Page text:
On Dec. 25, Christians throughout the world will direct their eyes to the crèche, remembering…
Opening the Word: Joseph the dreamer
In the previous weeks of Advent, we have contemplated the entrance of Christ into history, looking ahead to the second coming of Jesus. These weeks of Advent focus our attention on the violence of history, the bloodlust of men and women, and the way God’s kingdom spells the end of the reign of sin and death.
But on the Fourth Sunday of Advent, we turn ahead to the feast of Christmas. For many of us, we’ve already turned our attention to this feast. Our Christmas tree decorates the home. We have bought gifts for loved ones. Meals have been purchased. We’re ready.
For this reason, the Church ought to give us a pleasant Gospel text, one that gets us into a Christmas spirit. Some years on the Fourth Sunday of Advent, we’re invited to contemplate Mary’s great “yes.” We ponder the gift that Mary has received, readying ourselves to receive this same gift on the 25th of December.
But the Church has not given us this Gospel this year. Instead, we come face to face with the strangeness of Joseph.
|Dec. 22 — Fourth Sunday of Advent|
Ps 24:1-2, 3-4, 5-6
We don’t know much about Joseph. He was a righteous man, the adopted father of Jesus. Matthew clarifies that he is in the line of David, making Jesus a Davidic king. He walks along with Mary to Bethlehem to take part in the census. In Matthew, he leaves Bethlehem to take his family into exile in Egypt. Like Mary, he loses his son in the Temple.
But mostly silence.
We do know something else about Joseph. He’s a dreamer just like his namesake in Genesis. But unlike his namesake, Joseph is not infected by the desire for power, the desire to interpret his dreams to make his brothers bend down before him.
Jesus’ Joseph is a righteous dreamer.
But before he dreams, he learns about the pregnancy of his betrothed. Rather than see Mary suffer shame, perhaps even death, he decides to end the betrothal here and now. It will be a quiet affair, one in which he will enact no violence against his beloved.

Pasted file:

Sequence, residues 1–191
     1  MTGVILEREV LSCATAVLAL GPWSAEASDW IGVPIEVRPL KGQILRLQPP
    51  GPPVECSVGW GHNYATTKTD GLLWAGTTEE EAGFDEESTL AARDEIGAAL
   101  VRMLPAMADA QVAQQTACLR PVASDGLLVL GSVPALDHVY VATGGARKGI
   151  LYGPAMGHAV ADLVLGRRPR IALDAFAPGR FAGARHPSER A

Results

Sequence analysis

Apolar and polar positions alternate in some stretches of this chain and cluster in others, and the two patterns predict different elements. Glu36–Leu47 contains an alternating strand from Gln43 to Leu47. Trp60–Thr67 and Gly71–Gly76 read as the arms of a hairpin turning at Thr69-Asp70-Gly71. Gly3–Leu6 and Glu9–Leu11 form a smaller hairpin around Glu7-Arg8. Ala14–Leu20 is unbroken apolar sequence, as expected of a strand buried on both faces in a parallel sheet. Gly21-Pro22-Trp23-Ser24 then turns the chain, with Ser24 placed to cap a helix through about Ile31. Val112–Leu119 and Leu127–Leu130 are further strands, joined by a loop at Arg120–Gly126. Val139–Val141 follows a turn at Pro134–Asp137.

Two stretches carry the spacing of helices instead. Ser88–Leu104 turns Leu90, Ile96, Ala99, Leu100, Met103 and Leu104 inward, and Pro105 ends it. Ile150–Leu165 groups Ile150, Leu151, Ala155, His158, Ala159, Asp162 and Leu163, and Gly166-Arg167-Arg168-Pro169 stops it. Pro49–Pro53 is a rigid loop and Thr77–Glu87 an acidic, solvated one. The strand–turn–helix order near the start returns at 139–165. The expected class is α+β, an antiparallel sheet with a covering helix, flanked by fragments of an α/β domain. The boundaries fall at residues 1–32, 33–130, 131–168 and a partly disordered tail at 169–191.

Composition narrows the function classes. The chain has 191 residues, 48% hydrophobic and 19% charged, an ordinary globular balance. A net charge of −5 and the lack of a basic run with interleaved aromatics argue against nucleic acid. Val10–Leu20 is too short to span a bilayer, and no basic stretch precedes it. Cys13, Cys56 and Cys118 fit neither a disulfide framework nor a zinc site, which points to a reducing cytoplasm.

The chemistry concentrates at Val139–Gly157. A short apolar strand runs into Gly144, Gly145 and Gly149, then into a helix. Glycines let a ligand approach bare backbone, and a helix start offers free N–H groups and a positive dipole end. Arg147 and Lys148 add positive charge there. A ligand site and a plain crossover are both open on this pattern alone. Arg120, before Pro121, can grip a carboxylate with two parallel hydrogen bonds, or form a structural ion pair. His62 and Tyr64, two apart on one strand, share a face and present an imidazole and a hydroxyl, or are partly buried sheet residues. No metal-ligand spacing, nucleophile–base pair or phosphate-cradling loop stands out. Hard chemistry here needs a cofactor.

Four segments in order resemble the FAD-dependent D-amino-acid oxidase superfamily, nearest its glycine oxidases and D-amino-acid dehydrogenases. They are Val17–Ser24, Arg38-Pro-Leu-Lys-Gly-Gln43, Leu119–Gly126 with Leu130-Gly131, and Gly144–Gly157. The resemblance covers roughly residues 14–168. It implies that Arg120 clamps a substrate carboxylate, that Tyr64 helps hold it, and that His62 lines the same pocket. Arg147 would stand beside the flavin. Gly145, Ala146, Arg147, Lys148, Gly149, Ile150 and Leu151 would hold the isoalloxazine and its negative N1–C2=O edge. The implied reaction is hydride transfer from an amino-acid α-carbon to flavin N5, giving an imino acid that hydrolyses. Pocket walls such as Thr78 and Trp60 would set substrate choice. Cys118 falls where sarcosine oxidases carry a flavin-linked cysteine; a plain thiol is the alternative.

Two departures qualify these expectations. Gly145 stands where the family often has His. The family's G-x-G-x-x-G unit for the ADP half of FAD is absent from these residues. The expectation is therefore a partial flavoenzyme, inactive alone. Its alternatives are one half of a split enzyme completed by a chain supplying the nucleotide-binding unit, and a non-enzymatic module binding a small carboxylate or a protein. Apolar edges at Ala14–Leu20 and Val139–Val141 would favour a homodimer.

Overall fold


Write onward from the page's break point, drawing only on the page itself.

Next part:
In this moment of righteousness, God intervenes. The child is not the result of an illicit union but God’s very power! Mary is like those women in the Old Testament who give birth in surprising ways.
She is like Sarah, who gives birth to Isaiah well after menopause.
She is like Hannah, who gives birth to Samuel after years of tears and prayers.
But unlike Sarah and Hannah, she has given birth without man. She has given birth entirely through God’s own power.
Joseph recognizes the meaning of the dream without assistance. He obeys as soon as he wakes up, taking Mary as his spouse, taking Jesus as his son.
Maybe, there’s a wisdom to the Church’s decision to give us this reading right before Christmas. The task of Christmas is not just to celebrate a birth. Instead, like Joseph, we must be dreamers.
The Christ who comes at Christmas is not an abstract babe, a hypothetical person. He is the Word made flesh, the splendor of the Father.
The question we must ask ourselves: Have we made a space to welcome him? Have we listened to the voice of God, making room for Christ and his mother?
Even if there are only three days left, there is still time. There’s time not just to deck the halls, but to deck our hearts, welcoming Emmanuel, God in our midst.
We need only follow righteous Joseph, the dreamer.
If we but dared to dream such dreams.
Timothy P. O’Malley, Ph.D., is the director of education at the McGrath Institute for Church Life at the University of Notre Dame.